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STUDENT-Athlete of the Week: Eric Strangis

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Each week, we shift the emphasis to the left side of the hyphen to engage in conversation with a Trojan scholar athlete.

Strangis practice drive.JPGName: Eric Strangis

Sport: Men's Basketball

Class: Junior

Major: Sociology

GPA: 3.07


Jordan Moore (JM): You grew up close to campus, but you had to go to two schools (Moorpark College and Cal Lutheran) to get here.  Was your goal always to be a Trojan?

Eric Strangis (ES): I wouldn't say it was always my goal to be a Trojan, but it has always been something I have dreamed about.  I think that going to two other schools before getting here has given me a special appreciation for just how great USC is.  It's been a long journey, but I wouldn't change a thing.

JM: Your grandfather, Sam Nicholson, was a USC track star, who is still involved with the program.  What does he say is the biggest difference from when he went to school here and how it is now?

ES: My grandfather used to have an on-campus job of trimming hedges by the new campus center.  They recently removed the hedges to open up more room for tailgaters.  I'm sure it isn't the biggest difference, but the removal of those hedges led my grandfather to share some fun memories of his college days.

Strangis-CalLu.jpgJM: What was your mindset when you decided to walk-on to the USC basketball team? 

ES: I had no expectations when I decided to walk-on to the basketball team.  I was really just excited and grateful to be a part of such a great tradition and to play at such a high level.  I wasn't concerned with playing time or anything like that.  The thing that people forget is that we practice more than we play.  My focus was on doing whatever I could to help the team in practice in order to help us win and more importantly on being a great teammate.

JM: Sure enough though, you were tossed into the fray at Nebraska and TCU.  How nervous were you?

ES: When I was put into the game, I didn't even have time to be nervous.  At the time, I was just concerned with doing my job and trying to help the team win.  Looking back though, it was a pretty awesome experience.

trillion.jpgJM: I have you down as earning one trillion (Note: A trillion is when the box score reads 1 in the minutes column and zeroes in the 9 other columns) so far this year.  Do the walk-ons joke about at least taking a foul to make sure they get something in the box score?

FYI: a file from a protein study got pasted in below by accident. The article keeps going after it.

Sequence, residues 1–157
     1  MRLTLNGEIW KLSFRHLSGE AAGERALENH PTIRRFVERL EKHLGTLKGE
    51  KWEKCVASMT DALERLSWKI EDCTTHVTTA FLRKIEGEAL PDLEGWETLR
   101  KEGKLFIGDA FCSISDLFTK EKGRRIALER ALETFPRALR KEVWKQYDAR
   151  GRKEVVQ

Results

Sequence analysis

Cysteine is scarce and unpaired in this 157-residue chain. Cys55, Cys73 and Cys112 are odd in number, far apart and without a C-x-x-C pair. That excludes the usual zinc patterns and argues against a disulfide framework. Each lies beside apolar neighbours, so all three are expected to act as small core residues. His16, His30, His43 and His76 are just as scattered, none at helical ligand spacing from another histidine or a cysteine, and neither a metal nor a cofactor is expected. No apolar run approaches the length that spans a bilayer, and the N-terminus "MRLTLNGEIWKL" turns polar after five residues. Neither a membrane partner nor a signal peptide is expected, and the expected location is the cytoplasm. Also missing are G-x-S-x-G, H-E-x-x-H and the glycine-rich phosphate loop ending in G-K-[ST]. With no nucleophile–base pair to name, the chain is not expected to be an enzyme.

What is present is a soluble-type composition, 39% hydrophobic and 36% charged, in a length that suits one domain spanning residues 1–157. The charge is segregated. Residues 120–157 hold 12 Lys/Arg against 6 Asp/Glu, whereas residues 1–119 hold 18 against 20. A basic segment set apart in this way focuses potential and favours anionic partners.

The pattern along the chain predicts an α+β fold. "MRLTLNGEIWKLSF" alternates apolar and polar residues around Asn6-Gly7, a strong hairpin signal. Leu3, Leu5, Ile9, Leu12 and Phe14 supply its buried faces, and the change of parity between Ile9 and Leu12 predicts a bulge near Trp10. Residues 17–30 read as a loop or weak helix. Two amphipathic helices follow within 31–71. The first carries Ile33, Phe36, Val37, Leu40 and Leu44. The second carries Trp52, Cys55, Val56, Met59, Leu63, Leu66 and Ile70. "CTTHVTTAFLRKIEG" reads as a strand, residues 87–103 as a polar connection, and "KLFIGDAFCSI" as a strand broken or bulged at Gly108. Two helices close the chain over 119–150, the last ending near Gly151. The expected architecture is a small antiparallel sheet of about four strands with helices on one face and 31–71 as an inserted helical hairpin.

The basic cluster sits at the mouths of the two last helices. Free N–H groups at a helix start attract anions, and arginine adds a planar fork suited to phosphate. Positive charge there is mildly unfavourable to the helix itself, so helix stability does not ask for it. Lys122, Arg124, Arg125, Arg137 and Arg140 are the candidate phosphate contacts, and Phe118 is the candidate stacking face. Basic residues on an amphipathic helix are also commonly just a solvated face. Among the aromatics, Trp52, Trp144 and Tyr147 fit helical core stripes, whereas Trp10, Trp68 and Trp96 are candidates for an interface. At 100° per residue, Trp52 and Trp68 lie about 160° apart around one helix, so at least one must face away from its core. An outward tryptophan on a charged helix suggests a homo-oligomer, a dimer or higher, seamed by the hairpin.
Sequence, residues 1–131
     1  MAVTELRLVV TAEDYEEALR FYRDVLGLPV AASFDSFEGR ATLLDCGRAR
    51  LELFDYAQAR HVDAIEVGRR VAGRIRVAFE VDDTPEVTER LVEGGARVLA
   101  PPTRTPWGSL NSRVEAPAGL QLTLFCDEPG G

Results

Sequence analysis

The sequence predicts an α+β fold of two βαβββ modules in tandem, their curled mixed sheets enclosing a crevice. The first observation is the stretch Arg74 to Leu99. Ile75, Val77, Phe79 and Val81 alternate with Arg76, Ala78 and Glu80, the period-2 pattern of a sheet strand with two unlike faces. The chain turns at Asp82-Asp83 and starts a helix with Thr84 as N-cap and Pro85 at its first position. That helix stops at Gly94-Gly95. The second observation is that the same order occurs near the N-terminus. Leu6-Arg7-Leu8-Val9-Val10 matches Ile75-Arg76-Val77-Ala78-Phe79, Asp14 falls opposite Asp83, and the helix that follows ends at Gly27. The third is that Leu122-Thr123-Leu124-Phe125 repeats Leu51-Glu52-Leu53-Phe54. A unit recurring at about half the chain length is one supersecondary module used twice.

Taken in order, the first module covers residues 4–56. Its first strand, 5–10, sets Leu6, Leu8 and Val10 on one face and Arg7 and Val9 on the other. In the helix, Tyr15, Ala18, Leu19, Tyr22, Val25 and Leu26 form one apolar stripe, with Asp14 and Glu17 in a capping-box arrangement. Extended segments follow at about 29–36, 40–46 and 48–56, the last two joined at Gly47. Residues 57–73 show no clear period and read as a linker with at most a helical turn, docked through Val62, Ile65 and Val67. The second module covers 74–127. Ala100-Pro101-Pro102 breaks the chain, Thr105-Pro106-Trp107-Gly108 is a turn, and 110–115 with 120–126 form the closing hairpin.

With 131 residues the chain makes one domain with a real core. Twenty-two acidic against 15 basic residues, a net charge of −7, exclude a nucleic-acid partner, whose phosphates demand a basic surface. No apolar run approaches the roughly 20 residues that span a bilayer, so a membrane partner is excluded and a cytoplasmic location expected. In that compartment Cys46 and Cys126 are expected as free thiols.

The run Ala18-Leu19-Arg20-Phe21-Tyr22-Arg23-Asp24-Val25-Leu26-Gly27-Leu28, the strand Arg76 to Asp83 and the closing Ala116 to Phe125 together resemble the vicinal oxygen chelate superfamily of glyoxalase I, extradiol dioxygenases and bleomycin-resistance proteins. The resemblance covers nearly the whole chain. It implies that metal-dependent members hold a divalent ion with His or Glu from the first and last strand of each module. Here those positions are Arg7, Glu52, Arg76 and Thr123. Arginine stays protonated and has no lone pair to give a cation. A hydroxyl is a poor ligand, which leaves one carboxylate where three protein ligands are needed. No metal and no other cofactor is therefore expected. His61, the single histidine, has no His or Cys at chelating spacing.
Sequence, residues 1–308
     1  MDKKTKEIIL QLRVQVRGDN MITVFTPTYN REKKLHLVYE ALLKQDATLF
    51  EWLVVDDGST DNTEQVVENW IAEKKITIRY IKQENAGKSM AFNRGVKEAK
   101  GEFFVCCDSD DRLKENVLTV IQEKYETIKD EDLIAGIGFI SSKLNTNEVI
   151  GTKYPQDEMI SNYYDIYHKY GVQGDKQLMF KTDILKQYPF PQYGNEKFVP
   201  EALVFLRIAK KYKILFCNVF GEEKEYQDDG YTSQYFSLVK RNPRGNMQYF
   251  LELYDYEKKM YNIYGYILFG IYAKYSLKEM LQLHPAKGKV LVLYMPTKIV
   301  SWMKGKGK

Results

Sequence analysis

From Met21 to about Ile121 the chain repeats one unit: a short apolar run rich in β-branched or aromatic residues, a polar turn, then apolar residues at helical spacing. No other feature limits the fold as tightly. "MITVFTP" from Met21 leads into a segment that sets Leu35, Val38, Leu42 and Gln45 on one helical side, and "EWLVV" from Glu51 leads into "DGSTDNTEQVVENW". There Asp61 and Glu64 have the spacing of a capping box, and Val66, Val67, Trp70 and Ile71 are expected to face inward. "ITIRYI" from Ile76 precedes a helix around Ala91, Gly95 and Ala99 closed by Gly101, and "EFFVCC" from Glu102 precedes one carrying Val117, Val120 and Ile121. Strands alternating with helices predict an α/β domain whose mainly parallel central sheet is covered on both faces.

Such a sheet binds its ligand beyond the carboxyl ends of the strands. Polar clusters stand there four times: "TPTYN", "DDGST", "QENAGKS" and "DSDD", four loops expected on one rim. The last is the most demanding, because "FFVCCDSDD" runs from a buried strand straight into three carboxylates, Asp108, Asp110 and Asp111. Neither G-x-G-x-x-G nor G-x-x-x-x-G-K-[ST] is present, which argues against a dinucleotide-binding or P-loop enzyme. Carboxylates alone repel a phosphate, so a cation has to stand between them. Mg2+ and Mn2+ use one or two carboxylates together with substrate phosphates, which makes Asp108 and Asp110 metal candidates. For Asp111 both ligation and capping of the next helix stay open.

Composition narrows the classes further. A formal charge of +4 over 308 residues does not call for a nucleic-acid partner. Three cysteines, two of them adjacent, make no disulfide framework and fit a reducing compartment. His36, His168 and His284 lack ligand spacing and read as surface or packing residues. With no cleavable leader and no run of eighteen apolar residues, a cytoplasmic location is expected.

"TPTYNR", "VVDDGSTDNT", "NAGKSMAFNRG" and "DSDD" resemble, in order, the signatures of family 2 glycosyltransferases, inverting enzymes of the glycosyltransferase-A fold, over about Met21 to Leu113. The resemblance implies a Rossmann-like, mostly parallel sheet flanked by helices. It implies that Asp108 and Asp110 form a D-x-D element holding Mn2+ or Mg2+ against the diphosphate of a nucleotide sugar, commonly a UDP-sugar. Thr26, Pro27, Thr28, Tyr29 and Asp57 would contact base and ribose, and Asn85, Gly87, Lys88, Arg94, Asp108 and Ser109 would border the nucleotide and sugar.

ES: All the walk-ons definitely have a good time joking about the box score when we get the opportunity at some minutes. The conversation usually turns into a debate on who was open when the other guy took a shot (all in fun, of course). In truth, we are all competitors.  We want to perform to the best of our abilities when we get our minutes just like any other guy.

JM: Who is the biggest trash talker on the team?

Donte-yell.jpgES: Donte Smith.  He isn't always talking trash.  But he is always, ALWAYS saying something.

JM: Better walk-on dream: Hitting the game-winning shot to beat UCLA or earning a scholarship?

ES: My parents would probably want me to say "scholarship" to help pay for the tuition.  But I don't think anything can compare to hitting a game-winning shot at this level, especially if it is to beat the Bruins.

JM: I read you are interested in becoming a firefighter when you graduate.  What inspired that?

ES: My uncle is a firefighter, and I have a lot of respect for him and what he does.  I have always been interested in the profession.  It requires a lot of the same skills as athletics: being physically fit, teamwork, pulling for a collective goal.  It also has the added benefit of being a job that helps others.  I don't think you could ask for anything more when contemplating what you would want to do on a day-in and day-out basis.

JM: Can I get a score prediction for Sunday night against UCLA (7:30 p.m. at Galen Center)?

ES: If you're looking for a score, check in with Vegas.  But I will predict that we are going to play great defense and with 100 percent effort.  And that usually leads to a win.




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